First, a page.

Read the advice the late Phil Stansly shared with Citrus Expo attendees on dealing with Asian citrus psyllid resistance.

Florida citrus growers have had a time combating citrus greening, such as with the growing Asian citrus psyllid resistance to neonicotinoid insecticides. Psyllids spread citrus greening, also called HLB, so stopping psyllids is one way to stop citrus greening. Stansly shared advice for dealing with psyllid resistance before he passed. See his advice below, as shared in a Citrus Industry article.

Stansly’s Advice on Psyllid Resistance

An entomologist with the University of Florida Institute of Food and Agricultural Sciences at the Southwest Florida Research and Education Center, Stansly shared his advice for dealing with resistance to neonicotinoid insecticides.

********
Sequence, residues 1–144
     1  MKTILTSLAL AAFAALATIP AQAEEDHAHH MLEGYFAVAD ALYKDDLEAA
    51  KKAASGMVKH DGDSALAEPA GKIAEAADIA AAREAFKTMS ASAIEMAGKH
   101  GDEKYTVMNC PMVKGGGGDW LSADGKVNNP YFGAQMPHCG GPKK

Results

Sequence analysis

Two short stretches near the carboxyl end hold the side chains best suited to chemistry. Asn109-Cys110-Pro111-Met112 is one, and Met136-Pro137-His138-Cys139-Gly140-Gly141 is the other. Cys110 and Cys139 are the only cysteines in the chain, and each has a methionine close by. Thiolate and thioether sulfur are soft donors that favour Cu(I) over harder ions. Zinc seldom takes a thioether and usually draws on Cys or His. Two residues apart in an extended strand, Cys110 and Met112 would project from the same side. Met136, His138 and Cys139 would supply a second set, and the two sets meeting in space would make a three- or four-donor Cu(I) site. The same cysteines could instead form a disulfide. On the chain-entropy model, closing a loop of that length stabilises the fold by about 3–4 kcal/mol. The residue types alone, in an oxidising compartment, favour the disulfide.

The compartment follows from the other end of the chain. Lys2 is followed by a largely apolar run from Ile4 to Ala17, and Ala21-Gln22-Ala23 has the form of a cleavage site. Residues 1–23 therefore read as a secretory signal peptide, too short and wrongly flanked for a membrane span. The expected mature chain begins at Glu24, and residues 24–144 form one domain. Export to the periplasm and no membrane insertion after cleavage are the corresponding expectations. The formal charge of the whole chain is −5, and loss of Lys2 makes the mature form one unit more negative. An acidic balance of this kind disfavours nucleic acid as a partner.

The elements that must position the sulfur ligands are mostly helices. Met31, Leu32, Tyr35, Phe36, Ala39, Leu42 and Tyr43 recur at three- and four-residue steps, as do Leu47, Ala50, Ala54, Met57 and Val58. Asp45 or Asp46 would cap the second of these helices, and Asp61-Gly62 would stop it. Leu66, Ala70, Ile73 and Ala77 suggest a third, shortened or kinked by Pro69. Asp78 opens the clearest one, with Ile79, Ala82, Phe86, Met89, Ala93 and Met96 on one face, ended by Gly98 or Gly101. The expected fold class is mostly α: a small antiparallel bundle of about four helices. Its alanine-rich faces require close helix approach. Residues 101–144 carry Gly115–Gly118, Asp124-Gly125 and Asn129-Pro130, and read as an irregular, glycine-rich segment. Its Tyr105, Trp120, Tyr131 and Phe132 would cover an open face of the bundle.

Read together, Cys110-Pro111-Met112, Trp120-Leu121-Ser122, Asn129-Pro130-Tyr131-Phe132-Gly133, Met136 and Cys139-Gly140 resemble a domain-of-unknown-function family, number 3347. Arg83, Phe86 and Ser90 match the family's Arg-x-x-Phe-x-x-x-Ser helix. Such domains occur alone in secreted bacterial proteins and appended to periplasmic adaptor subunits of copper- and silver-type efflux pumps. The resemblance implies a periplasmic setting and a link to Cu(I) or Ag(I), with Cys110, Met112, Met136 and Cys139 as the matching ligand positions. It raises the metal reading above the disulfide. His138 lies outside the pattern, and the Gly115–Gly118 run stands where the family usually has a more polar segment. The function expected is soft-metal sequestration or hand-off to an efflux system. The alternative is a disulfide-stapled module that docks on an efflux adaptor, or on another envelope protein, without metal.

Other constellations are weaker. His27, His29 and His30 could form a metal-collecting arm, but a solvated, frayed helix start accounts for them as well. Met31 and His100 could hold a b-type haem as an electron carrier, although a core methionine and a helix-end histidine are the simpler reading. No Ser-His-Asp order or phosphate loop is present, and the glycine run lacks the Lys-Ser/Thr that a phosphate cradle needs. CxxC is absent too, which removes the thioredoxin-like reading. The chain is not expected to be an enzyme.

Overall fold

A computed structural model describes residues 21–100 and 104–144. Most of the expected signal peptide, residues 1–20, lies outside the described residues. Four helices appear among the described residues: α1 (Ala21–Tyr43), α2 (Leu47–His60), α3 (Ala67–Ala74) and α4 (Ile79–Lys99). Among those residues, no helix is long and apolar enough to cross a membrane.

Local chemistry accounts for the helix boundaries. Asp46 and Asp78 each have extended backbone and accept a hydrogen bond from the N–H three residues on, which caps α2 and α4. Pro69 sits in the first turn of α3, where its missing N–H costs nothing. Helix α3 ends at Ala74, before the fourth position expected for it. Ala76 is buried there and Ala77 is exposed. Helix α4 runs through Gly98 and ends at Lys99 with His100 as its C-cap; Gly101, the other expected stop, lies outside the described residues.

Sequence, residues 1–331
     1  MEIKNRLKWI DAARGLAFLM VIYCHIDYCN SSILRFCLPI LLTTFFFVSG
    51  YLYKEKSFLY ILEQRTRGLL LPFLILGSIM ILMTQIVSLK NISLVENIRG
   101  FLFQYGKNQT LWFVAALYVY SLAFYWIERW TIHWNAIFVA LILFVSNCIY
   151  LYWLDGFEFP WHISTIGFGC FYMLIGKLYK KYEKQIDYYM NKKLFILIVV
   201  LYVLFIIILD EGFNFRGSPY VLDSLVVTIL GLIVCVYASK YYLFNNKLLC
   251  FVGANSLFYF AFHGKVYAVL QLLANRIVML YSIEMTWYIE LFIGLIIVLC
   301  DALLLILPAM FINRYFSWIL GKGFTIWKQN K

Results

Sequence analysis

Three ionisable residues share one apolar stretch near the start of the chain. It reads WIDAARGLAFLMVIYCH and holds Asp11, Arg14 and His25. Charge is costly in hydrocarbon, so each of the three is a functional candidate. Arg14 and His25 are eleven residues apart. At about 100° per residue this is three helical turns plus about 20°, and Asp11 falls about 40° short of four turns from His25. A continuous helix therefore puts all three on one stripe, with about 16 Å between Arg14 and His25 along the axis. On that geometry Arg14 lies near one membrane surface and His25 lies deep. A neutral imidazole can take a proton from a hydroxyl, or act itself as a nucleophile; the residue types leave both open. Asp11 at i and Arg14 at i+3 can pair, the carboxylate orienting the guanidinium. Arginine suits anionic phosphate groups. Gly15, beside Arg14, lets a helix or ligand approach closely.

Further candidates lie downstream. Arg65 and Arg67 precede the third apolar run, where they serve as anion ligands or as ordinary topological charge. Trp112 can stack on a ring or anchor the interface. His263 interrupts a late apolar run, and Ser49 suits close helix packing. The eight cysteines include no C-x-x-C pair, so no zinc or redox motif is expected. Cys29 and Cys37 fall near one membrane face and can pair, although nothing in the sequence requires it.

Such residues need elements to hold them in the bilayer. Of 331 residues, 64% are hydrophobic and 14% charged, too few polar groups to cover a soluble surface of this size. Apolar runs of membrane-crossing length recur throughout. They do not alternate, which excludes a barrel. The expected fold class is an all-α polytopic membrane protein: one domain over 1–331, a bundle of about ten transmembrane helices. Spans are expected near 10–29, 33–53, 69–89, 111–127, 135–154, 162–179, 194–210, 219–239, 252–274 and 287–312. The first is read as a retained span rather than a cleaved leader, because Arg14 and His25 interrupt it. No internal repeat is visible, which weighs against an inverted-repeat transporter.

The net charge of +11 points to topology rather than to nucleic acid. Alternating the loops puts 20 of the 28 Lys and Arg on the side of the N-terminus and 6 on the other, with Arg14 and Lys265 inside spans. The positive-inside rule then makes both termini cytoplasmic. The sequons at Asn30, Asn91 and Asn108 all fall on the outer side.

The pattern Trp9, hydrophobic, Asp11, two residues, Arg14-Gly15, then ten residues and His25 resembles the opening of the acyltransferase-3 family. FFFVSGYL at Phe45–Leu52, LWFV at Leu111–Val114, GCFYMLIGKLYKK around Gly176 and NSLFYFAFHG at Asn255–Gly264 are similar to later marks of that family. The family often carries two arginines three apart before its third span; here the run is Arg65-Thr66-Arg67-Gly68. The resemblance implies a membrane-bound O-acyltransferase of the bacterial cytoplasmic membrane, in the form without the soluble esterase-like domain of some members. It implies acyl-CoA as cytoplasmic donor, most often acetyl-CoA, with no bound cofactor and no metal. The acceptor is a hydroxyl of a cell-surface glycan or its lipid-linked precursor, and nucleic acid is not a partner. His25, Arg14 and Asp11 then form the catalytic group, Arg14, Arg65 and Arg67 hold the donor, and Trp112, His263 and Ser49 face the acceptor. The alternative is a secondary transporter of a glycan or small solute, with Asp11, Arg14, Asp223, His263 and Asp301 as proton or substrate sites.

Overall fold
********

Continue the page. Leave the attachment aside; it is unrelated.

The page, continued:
First, he maintained growers needed to stop using neonicotinoids for a while. “Basically you have to lay off the neonics, and we think maybe six months — it could be slightly less — and then go back to them and see if they work,” he said. During those six months or so, Stansly shared that growers should try other insecticides with various “modes of action,” such as:

  • Reflective mulch. “Reflective mulch is not a replacement (for insecticides), but it will help a great deal,” he said.
  • Individual tree covers. Mesh bags protect citrus trees from infection by psyllids

Stansly said to tailor treatments; “It’s all about economics and what works the best for the grower.”

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